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Archaeo News 

11 May 2012
Neolithic burial discovered in Qatar

In a major development for the archaeological excavations across Qatar, an unmarked grave has been discovered at Wadi Debayan, one of the earliest Neolithic-Chalcolithic sites in the Gulf. The exploration of the site is  part of the Remote Sensing and Qatar National Historical Environment Record (QNHER) Project. "We have come across one burial, probably a full skeleton and though we cannot say that we have a cemetery there, it is a fair possibility," project co-director Richard Cuttler said.
     QNHER is being developed as part of the Remote Sensing Project, a joint initiative between the Qatar Museums Authority under the guidance of Faisal al-Naimi (head of antiquities), and the University of Birmingham, where Cuttler is a research fellow. "The grave was a very surprising find that came out of one of the several test pits. We have seen some pieces of the tibia, one of the two leg bones, which shows the skeleton is in a crouched position typical of Neolithic burials" he explained.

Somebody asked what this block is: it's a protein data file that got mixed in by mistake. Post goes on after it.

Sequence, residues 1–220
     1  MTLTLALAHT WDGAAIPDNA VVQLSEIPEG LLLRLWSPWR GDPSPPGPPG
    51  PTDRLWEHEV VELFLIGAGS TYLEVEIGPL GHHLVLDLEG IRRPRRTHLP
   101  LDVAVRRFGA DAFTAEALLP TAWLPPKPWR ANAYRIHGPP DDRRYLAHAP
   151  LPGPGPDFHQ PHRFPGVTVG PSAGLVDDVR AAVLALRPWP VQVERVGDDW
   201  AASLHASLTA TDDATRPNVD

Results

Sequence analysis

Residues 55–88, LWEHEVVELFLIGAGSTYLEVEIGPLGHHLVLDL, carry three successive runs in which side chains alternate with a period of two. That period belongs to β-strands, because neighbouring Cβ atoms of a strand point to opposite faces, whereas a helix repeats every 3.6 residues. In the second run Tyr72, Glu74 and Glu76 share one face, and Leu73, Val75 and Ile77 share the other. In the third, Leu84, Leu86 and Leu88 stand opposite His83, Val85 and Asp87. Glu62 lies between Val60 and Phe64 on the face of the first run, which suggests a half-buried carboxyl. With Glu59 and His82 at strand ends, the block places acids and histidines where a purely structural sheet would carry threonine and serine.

"The bone fragments are very fragile and we need to sit back and think how to go about this. We also need to consult some osteologists and get more information," Cuttler said. "The only other site I can think in the Gulf similar to this is the one at Jebel Al Buhais in Sharjah, the UAE, and there they had Neolithic cemeteries with no markers on the surface," the expert recalled.
     Wadi Debayan, one of the earliest Neolithic-Chalcolithic sites in the Gulf, has beneath its surface some of the earliest known structures in Qatar. The fact that the site had human inhabitation as early as 7,500 years ago was proved scientifically during summer last year when samples from one of the post holes were radio carbon dated. "When we first found the site, we thought well may be we have just got a flint scatter here, but when we began excavation we found lots of fire pits and many, many post holes", explained al-Naimi, also a co-director of the project.
     Evidence so far indicates that Wadi Debayan had about 3,000 years of occupation. It may not be the same people or continuous occupation. "The very interesting thing here is an absence of clues on the surface that would indicate the presence of archaeology. It looks like a flat desert terrain, but literally below the surface is evidence for Neolithic occupation" said al-Naimi. "However, the landscape does have clues that we can now use to help find similar sites in the future," he added.

Edited from Gulf Times (5 May 2012)

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